Some organizations which estimate global temperature change have been behind schedule because of the U.S. government shutdown. But the folks at the Berkeley Earth Surface Temperature project have released their figures for December’s temperature, bringing the year 2018 to a close. It was a hot one.

Last year was the 4th-hottest on record. Of course we already know that global temperature jitters around its trend value; it’s a combination of the *trend*, the long-term pattern, with the *noise*, i.e. the jittering around that never stops but never really gets anywhere. Welcome to Earth.

There are lots of ways to estimate what that elusive *trend* value is, an important task if we want to know how the underlying system is changing. The noise changes won’t tell us about that; whatever the climate does, noise will be noise. One often starts by using a smoothing method, some of us confess to enjoy geting fancy about that, and my “go-to” choice is a modified lowess smooth:

According to this smoothed estimate, the *trend* — which is where we look for climate change (man-made or not) — has shown two espisodes of warming since the year 1900. The first, from about 1910 to 1945, it rose roughly 0.43°C, while from about 1975 to now it has risen around 0.84°C. That’s basically twice as much.

The thing about a smooth is that it has an inherent *time scale*. Changes that are much faster than that will get smoothed out, but changes slower than the time scale will be mostly unaffected. The idea is that the noise changes are fast, the signal changes are slower, so with the right time scale we can blunt the noise and let the signal shine through.

For my smooth (above) I used a time scale of 20 years. Climate is usually defined as 30 years or more, but I wanted a shorter time scale to pick up more fluctuations, since they’re not all noise! But I know from experience that with time scales shorter than 20 years, the noise will start to dominate the result and I’ll lose the very noise reduction we need to get signal out of data.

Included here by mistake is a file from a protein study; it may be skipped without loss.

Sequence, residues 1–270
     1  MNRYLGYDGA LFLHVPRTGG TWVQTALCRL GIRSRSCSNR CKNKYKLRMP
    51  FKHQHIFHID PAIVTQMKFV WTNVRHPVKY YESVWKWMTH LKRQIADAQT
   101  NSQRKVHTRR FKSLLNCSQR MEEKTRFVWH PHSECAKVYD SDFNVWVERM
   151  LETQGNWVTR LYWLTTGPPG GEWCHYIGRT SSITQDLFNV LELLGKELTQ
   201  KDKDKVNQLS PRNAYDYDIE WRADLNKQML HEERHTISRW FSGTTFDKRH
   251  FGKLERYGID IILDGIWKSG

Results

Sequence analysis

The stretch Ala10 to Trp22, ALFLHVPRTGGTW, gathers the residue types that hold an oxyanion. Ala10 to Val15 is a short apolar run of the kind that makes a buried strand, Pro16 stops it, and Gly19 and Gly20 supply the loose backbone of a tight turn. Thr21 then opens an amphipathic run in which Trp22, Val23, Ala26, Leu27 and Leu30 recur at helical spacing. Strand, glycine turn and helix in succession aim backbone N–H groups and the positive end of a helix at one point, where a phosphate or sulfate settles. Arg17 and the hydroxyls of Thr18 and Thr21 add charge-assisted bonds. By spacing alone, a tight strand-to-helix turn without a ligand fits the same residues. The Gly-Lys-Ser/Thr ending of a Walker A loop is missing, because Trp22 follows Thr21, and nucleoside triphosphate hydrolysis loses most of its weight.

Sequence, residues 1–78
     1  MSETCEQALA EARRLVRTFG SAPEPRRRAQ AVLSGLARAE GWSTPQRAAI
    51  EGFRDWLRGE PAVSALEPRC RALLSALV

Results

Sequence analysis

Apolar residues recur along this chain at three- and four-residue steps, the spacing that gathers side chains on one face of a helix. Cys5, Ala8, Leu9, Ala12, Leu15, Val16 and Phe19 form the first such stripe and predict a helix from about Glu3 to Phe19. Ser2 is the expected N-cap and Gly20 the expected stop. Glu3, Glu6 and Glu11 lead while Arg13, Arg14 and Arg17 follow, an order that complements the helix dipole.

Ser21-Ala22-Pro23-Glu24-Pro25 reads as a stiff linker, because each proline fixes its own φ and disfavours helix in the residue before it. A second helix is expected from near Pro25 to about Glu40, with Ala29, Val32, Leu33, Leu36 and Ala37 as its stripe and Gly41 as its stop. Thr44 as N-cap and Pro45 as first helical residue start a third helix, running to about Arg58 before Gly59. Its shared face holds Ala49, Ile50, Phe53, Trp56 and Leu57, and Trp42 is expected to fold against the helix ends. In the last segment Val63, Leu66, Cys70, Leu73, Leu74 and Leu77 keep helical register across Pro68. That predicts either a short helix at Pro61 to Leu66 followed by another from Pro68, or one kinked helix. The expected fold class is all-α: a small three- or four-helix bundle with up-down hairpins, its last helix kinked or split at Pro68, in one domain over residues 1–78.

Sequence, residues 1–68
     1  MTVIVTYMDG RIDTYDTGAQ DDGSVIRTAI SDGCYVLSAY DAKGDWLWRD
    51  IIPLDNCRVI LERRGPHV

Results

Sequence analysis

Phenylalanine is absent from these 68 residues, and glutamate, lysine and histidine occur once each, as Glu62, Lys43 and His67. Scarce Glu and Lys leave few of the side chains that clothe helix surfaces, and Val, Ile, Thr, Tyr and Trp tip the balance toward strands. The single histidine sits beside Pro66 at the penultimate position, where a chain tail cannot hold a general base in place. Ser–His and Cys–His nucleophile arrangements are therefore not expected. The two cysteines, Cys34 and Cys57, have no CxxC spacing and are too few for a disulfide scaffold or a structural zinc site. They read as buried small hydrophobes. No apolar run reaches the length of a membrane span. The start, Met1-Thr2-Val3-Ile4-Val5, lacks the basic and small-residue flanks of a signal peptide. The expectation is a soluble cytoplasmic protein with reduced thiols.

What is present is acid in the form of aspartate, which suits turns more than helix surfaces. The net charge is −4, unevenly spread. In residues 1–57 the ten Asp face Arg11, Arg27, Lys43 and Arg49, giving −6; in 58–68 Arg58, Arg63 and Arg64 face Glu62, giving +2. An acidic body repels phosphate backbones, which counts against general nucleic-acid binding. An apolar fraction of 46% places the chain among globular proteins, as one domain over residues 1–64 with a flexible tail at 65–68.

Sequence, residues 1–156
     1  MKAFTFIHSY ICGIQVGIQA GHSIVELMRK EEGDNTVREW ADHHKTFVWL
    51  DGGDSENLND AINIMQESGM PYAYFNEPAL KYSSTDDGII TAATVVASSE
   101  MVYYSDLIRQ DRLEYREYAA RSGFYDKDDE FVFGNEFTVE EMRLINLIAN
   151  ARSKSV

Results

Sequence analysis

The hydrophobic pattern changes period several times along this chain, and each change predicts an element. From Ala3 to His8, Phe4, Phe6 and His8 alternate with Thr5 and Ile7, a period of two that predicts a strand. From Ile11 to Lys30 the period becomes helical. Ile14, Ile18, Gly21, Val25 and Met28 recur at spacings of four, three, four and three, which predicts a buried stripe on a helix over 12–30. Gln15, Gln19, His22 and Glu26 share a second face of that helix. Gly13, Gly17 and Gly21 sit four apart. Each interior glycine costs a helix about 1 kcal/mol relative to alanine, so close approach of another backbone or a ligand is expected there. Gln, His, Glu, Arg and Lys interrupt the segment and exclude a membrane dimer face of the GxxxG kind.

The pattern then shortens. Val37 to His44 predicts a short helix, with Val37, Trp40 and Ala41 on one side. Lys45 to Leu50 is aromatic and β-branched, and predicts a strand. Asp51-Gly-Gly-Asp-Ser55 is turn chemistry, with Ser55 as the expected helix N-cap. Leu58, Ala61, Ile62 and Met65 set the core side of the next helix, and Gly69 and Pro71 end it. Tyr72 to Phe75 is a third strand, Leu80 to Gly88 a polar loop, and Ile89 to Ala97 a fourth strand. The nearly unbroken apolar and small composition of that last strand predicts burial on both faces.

Even so, on any time scale the noise is still there. Allow me to demonstrate.

Let’s make some random noise, of the same size as the random noise in yearly global average temperature (about 0.1°C). In this case we know, ahead of time, what the signal is: it’s flat as a pancake, going nowhere. These data are only noise.

Now let’s smooth it. Well start with a choice which is popular with those who *want* to let the noise affect the results, because the time scale is too short: a 10-year Gaussian smooth:

The fluctuations cover a range of 0.14°C. Some (not Tamino, to be sure) might even claim there was global cooling of that amount from about 1950 to 1960. But we know these data are just noise.

What about my choice of lowess smooth at 20-year time scale? This:

This too shows fluctuations, covering a range of about 0.07°C. The noise is still there — and even though smoothing reduces the noise level, it doesn’t eliminate it completely. In this case, the noise is all there is.

The “smoothest” choice is a straight line fite:

There’s still noise, and it sill causes the smooth (the line) to cover a nonzero range, but in this case, at 0.007°C total, it really won’t bias our estimates of total change.

The model with the most noise reduction, but which still includes all the changes that we can *actually demonstrate*, is a piecewise linear model, i.e. a set of straight lines represening the espisodes of *demonstrable* global temperature change (not just the stuff that “looks like”). The times should be chosen to fit the data best (something called “changepoint analysis”), and I get this: